Women's retirement savings hit by crisis

Gender gap opens up in pension contributions as household bills rocket and wages stall
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The downturn and subsequent squeeze on household budgets has forced women to stash smaller amounts into their pensions – meanwhile men are squirreling away more than ever.

The gender gap has widened over the past year, with the average amount men are putting aside after tax increasing from 9.7 per cent to 10.2 per cent, but for women there has been a reduction from 8.8 per cent to 7.5 per cent, according to new research from the Halifax.

Figures published by the Department for Work and Pensions (DWP) earlier this month in its 2012 Family Resources Survey, showed that the number of men saving for retirement through a pension scheme remained much higher – almost 50 per cent more – than the number of women.

In 2010-11, some 6.9 million men were contributing to a pension, compared to just 6.4 million women. Outside of workplace schemes, twice as many men than women have pensions savings.

The DWP survey points out that it is partly because "self-employment is more prevalent for men, and inactivity is more prevalent for women".

But even taking that into account, there is still a disturbing gender gap which suggests women will suffer financially in retirement.

Tom McPhail, pension expert at Hargreaves Lansdown, said the gap is due to two things.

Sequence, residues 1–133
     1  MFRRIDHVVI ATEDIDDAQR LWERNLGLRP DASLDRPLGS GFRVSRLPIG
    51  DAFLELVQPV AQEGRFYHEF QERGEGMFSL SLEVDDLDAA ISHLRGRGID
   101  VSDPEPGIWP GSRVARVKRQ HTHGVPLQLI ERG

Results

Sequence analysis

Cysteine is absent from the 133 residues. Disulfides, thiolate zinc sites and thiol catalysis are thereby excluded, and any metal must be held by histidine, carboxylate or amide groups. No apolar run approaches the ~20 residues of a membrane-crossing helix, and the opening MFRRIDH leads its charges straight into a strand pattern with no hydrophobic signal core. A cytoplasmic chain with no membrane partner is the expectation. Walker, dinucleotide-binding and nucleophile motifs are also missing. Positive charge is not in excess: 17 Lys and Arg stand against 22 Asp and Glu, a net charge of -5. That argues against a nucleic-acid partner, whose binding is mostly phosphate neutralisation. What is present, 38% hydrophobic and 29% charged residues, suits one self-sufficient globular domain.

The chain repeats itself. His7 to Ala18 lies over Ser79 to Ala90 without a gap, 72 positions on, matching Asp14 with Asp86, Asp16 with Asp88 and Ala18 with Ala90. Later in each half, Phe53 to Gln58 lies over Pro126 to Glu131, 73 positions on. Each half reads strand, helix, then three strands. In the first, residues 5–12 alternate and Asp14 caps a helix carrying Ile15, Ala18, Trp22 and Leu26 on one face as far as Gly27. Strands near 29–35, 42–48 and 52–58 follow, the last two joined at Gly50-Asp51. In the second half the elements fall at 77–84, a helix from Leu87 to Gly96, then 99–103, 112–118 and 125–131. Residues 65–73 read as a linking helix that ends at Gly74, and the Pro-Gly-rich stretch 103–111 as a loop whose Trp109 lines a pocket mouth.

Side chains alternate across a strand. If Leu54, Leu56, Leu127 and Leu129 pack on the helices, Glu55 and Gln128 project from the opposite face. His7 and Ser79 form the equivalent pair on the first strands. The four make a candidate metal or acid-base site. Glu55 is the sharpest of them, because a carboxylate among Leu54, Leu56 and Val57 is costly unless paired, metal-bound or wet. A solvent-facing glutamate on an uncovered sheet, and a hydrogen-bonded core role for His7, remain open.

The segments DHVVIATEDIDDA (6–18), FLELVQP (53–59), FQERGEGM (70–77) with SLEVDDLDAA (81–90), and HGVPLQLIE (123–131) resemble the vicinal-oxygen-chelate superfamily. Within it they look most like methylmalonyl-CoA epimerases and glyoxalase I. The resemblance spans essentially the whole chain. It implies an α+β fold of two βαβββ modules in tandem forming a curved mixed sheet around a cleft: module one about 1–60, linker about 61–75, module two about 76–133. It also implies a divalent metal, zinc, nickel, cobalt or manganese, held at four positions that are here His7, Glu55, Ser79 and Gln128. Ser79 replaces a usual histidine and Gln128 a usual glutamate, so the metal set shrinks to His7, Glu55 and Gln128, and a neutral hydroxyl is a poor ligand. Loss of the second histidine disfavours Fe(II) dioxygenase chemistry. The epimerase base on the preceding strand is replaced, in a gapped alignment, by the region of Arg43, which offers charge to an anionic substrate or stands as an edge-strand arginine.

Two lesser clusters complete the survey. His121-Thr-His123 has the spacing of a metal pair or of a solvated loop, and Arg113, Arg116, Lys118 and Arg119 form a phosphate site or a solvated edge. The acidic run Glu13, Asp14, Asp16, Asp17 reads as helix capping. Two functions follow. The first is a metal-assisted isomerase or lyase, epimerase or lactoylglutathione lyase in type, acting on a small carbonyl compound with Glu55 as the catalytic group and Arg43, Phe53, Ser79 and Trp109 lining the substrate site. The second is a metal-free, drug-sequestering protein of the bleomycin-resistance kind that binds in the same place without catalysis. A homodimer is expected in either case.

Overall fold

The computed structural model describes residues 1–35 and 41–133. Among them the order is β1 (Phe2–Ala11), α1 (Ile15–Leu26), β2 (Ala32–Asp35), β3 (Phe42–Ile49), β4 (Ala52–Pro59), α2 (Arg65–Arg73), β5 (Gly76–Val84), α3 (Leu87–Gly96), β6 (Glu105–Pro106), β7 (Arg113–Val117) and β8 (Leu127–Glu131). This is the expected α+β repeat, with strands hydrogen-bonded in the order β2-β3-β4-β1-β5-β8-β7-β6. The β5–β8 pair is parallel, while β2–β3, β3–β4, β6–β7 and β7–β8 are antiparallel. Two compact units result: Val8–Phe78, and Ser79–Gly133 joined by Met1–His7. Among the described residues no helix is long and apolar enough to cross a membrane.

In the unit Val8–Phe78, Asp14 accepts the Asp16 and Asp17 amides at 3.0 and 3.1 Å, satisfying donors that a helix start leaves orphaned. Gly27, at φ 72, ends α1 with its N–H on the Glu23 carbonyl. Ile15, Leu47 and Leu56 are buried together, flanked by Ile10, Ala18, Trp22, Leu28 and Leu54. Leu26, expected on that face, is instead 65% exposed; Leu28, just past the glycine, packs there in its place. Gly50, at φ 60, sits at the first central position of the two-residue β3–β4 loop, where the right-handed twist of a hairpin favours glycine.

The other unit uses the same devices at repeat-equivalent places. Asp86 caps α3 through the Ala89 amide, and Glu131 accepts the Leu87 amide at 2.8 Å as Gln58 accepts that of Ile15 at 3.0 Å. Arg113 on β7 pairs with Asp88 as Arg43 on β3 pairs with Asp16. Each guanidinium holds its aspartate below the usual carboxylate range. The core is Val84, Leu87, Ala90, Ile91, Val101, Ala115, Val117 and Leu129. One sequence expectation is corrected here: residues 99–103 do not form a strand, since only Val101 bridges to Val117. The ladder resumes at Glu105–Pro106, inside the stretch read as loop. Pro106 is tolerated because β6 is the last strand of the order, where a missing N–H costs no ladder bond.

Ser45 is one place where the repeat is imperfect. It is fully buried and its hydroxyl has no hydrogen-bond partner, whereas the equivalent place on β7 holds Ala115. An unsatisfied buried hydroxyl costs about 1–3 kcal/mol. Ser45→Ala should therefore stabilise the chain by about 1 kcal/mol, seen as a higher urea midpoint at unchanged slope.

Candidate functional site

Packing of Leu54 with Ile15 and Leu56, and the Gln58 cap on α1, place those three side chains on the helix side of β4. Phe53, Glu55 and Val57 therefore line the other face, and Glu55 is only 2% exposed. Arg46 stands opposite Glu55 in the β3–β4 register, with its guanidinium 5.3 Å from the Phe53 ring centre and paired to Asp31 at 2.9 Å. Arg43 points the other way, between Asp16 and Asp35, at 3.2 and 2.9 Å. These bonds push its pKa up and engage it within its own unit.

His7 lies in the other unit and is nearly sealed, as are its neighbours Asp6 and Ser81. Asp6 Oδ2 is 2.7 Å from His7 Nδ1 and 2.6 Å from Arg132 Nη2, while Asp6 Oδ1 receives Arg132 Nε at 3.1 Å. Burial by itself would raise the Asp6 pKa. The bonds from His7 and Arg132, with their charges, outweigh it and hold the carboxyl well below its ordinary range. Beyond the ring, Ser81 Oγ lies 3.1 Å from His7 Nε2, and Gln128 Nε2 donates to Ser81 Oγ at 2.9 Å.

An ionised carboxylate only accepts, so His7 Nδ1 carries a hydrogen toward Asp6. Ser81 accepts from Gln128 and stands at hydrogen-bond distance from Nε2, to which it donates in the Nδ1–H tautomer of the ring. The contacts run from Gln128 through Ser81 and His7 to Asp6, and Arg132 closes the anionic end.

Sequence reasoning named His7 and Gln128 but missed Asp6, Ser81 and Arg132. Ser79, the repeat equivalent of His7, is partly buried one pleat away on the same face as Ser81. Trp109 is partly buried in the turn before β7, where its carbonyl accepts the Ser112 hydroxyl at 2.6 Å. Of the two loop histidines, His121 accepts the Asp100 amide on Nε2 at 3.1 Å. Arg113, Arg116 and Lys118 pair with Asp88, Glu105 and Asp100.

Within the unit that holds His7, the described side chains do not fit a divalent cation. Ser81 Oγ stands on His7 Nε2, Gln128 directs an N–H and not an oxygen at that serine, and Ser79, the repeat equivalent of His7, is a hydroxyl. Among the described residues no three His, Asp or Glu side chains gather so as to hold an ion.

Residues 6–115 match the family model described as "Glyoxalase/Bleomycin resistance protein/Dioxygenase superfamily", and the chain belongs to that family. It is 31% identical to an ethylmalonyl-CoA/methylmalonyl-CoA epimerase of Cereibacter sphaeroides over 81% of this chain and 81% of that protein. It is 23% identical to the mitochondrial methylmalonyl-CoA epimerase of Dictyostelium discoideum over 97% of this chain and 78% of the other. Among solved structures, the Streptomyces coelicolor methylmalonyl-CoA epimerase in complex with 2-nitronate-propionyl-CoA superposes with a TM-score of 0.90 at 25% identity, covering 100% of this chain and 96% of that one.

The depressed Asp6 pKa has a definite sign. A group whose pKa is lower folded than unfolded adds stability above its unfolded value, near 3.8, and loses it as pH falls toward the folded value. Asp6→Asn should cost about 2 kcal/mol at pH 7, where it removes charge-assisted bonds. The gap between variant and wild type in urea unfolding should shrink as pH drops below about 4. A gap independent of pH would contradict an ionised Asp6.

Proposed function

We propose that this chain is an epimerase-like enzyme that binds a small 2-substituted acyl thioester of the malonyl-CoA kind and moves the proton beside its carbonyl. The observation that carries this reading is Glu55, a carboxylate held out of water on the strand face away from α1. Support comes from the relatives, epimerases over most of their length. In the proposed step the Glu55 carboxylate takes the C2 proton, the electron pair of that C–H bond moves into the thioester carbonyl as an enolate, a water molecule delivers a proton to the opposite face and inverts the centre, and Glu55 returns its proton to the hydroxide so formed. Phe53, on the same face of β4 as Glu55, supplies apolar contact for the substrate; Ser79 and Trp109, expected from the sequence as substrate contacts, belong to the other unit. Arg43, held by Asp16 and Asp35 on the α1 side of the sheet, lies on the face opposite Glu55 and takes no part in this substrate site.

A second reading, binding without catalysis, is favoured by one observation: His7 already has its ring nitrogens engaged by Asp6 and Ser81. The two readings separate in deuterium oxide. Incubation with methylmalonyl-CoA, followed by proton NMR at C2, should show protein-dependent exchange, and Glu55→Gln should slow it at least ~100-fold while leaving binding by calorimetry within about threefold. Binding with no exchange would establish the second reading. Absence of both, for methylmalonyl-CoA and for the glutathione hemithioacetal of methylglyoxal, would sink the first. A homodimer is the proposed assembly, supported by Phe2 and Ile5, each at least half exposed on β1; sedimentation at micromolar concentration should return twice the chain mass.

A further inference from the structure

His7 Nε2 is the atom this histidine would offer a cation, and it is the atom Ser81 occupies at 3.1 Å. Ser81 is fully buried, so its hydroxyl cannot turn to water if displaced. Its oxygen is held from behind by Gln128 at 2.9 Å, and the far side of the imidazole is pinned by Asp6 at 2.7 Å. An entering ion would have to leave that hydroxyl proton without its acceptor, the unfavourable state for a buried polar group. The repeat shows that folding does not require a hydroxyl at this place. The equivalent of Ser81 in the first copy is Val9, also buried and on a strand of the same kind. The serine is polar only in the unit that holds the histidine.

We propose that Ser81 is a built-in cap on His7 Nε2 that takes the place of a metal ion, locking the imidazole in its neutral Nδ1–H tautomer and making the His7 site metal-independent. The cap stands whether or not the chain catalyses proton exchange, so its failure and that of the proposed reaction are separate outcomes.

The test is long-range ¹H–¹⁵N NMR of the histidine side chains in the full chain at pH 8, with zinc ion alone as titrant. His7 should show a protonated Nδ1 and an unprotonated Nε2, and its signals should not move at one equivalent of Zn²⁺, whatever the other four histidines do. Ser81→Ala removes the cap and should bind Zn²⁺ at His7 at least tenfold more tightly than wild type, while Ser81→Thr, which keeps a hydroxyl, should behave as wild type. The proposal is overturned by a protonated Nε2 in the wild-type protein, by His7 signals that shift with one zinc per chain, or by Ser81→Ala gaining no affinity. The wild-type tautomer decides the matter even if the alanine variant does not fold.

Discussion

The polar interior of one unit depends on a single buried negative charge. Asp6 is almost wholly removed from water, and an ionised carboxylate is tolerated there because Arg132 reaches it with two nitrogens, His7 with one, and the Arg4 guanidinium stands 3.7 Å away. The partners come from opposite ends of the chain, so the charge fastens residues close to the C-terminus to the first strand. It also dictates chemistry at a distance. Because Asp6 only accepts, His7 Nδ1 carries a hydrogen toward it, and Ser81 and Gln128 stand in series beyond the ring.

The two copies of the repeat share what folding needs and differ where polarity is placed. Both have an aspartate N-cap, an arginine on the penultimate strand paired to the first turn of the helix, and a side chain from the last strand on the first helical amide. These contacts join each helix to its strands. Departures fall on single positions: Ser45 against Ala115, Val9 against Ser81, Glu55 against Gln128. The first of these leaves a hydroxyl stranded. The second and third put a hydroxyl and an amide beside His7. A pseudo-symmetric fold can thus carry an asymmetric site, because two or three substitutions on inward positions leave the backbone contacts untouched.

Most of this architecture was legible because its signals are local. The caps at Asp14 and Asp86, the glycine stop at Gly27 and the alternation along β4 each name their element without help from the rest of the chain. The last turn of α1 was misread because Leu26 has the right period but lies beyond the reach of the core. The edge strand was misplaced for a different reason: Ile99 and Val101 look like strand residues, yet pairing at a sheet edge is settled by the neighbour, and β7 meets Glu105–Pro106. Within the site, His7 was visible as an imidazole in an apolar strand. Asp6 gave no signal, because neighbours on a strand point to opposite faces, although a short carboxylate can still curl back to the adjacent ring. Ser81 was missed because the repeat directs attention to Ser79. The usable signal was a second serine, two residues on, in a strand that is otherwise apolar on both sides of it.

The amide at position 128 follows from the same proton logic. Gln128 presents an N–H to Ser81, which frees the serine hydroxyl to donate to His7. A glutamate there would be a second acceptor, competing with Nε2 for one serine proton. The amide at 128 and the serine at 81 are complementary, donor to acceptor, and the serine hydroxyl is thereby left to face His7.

"Women save less for retirement because they spend fewer hours in paid employment and on average they earn less than men," he said.

Official figures back up this view. They show that in 2011, average male earnings were £36,511 – 35 per cent higher than average female earnings of £27,006.

"You can't pay pension contributions if you don't have the money," pointed out Mr McPhail. "Of course, there is nothing to stop their spouse from making pension contributions into a private pension in their name on their behalf."

However, Leeds-based Independent financial adviser Yvonne Goodwin thinks that for some women it's a lifestyle choice.

"Many women have engineered their work into something that they really enjoy and therefore don't necessarily have any plans to retire anytime soon," she said. "By not saving as much as men they are creating a balance between enjoying life now and what to do in the future."

But the Halifax research suggests the age of austerity is hitting women harder, partly because they are spending proportionately more on household groceries than men. Some 14 per cent of women claim to spend a lot more on groceries than a year ago, compared to just eight per cent of men.

Women are also spending less than men on going out and treating themselves, as well as less on clothes, than they were a year ago.

Male pensioners already tend to have higher incomes than femaleretirees, and the new survey suggests this is set to continue.

Recent official figures show single male pensioners had an average net income – after housing costs – of £240 per week in 2009/10 compared with just £208 for single women pensioners.

Martin Ellis, Halifax economist, said: "The fall in the amount women save towards a pension reflects the finding that fewer women than men are comfortable in their current financial circumstances."

He said 49 per cent of men save adequately for retirement compared with 42 per cent of women.